* Draghi plays down risk of negative deposit rates
* Dollar/yen hits highest since July after Fed minutes
* Minutes revive prospect of U.S. stimulus tapering soon
* Aussie falls; RBA says open-minded on intervention
By Gertrude Chavez-Dreyfuss
NEW YORK, Nov 21 (Reuters) - The dollar jumped to its highest against the yen in more than four months on Thursday, still benefiting from Federal Reserve minutes released the day before that suggested U.S. policymakers could start scaling back stimulus earlier than expected.
The euro, meanwhile, recovered earlier losses against the dollar after European Central Bank President Mario Draghi played down the possibility of the central bank implementing negative deposit rates. Reports on negative rates had pressured the euro on Wednesday, adding to losses after the Fed minutes came out.
"The Fed minutes did help the dollar a lot, especially against the yen, as it puts a December taper back onto the table," said Vassili Serebriakov, currency strategist at BNP Paribas in New York.
Many market participants expect the Fed to start reducing its bond purchases in March 2014.
The dollar rose to 101.10 yen, its highest since July 10. It was last up 0.9 percent at 100.94 yen.
The yen came under strong selling pressure as market players expected Japanese monetary policy to stay ultra-loose for some time.
"With U.S. monetary policy officials moving toward tightening while the BoJ (Bank of Japan) is fully committed to an expansionist policy, dollar/yen may be finally ready to resume its rally and if it can clear the resistance at 101.50 it may target the yearly highs over the next several weeks," said Boris Schlossberg, managing director of FX strategy at BK Asset Management in New York.
The dollar showed little reaction to a mixed bag of U.S. data: U.S. jobless claims fell in the latest week, while a mid-Atlantic business survey from the Philadelphia Fed showed a reading that was the lowest since May.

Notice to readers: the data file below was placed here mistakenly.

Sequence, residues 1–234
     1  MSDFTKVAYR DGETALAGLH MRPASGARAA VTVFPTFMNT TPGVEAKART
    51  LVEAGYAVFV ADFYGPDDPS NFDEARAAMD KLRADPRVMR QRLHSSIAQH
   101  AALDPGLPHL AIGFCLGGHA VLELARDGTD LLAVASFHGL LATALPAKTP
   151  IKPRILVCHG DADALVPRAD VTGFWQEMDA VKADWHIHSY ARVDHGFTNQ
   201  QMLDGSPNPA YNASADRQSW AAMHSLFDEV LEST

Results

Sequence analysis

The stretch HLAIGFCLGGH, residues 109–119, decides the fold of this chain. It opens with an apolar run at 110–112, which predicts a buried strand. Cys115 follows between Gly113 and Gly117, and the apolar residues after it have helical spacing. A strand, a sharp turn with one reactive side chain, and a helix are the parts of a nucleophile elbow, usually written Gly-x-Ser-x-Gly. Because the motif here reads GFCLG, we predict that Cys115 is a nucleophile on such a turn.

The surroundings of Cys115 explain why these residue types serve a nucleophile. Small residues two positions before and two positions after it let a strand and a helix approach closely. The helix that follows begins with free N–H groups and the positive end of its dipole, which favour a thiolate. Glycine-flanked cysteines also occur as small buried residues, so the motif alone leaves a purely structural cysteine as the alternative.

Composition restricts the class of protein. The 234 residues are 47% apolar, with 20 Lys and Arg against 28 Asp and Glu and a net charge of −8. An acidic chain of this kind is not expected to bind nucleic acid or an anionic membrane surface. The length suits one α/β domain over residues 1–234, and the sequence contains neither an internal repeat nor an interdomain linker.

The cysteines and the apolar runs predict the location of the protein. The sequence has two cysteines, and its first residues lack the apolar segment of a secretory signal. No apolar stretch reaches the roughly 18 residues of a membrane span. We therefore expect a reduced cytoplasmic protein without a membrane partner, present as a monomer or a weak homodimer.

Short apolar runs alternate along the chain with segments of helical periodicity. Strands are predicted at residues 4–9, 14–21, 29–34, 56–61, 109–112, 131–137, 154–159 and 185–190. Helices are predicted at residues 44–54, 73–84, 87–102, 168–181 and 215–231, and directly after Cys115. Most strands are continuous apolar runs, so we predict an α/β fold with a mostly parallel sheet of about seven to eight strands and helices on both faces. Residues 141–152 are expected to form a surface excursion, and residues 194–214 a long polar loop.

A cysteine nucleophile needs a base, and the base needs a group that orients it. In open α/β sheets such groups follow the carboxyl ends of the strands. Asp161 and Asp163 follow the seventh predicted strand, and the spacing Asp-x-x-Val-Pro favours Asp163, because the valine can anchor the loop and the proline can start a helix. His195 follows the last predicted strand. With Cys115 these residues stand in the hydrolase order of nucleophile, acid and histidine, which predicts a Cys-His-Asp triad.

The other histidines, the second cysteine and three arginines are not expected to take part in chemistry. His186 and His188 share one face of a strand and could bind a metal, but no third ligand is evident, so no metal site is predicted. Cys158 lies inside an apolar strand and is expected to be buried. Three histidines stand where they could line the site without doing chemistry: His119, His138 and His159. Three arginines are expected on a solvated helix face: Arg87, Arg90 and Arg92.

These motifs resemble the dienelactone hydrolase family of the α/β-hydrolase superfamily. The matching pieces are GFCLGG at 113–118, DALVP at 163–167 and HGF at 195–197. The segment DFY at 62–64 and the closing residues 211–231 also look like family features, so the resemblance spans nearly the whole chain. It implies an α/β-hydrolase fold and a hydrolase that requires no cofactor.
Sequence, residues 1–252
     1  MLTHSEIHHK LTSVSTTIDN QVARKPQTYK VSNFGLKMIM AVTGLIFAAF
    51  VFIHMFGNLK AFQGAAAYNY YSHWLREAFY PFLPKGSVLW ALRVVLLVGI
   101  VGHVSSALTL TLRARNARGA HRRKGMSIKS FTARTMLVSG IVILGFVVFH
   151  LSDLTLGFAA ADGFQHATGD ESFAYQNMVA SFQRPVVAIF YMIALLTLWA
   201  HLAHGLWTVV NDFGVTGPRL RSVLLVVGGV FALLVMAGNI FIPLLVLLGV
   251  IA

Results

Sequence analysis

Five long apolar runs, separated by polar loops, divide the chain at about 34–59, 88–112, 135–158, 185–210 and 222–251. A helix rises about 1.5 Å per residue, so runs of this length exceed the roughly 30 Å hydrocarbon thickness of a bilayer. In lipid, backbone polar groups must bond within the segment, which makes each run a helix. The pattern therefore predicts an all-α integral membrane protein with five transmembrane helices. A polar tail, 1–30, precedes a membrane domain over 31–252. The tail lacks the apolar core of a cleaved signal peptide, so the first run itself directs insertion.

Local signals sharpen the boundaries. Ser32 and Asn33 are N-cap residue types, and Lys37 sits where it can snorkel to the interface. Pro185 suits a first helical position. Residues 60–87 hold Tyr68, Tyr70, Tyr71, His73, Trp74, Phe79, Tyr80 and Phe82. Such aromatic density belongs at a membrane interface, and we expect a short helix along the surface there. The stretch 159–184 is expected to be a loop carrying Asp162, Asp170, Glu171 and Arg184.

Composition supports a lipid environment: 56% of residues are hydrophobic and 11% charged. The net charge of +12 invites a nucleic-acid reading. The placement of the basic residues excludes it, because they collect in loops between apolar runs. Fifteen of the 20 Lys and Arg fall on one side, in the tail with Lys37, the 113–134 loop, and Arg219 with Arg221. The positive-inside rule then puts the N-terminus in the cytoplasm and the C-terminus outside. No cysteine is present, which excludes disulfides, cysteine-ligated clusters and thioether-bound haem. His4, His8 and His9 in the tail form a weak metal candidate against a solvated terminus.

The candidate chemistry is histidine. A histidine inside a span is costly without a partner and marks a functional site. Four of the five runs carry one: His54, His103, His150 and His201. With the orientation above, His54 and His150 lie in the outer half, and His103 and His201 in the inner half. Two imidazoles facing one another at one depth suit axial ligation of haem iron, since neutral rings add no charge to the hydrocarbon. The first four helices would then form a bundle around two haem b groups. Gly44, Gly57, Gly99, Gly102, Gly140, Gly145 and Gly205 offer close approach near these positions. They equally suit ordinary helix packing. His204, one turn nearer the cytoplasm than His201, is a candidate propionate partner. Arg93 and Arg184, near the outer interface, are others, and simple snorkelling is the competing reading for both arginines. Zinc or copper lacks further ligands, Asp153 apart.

The euro was up 0.3 percent at $1.3474, recovering from an earlier one-week low of $1.3399.
Speaking in Berlin, the ECB's Draghi said the possibility of negative deposit rates was discussed at the ECB's last policy meeting and there had been no news since then. He said the central bank did not see deflation materializing.
The comments were interpreted as differing from an unsourced report on Wednesday, which said the ECB may consider making banks pay to deposit cash with it overnight and caused the euro to fall. An ECB spokeswoman declined to comment.
Much has been made about the contrast in the monetary policy stances of the ECB and the Fed, but Jane Foley, senior currency strategist at Rabobank in London, said that "until Fed tapering is upon us, euro/dollar will remain well supported in spite of the dovish threats of the ECB."
The euro rose 1.2 percent against the yen to 135.97 yen, after hitting a four-year peak of 136.04 yen.
Earlier, weak French business activity data was offset by better-than-expected German business activity, although a soft reading for the euro zone as a whole continued to point to a fragile economic recovery.
Sterling hit a four-year high of 163.16 yen and was last at 163.06, up 1.2 percent.
Elsewhere, the Australian dollar fell 0.9 percent to a two-month low of US$0.9231 after Reserve Bank of Australia Governor Glenn Stevens said he was "open-minded" on intervention to push the currency lower. The Aussie dollar last traded at US$0.9243, down 0.9 percent.